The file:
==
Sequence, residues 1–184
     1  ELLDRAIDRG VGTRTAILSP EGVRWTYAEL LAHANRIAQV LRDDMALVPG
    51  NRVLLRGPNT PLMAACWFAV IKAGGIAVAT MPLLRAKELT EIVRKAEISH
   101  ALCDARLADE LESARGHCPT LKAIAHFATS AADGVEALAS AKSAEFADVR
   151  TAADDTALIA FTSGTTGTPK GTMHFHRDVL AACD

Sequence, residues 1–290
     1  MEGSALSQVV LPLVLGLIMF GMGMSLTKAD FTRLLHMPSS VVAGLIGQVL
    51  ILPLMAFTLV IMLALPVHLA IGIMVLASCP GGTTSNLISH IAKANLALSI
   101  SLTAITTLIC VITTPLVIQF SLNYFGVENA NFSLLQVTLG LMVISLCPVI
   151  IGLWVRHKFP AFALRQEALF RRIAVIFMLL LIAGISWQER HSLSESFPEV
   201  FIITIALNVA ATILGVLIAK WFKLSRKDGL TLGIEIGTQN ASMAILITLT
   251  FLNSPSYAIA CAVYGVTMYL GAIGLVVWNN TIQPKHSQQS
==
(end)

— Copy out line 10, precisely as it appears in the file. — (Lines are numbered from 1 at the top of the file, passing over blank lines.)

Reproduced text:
   151  IGLWVRHKFP AFALRQEALF RRIAVIFMLL LIAGISWQER HSLSESFPEV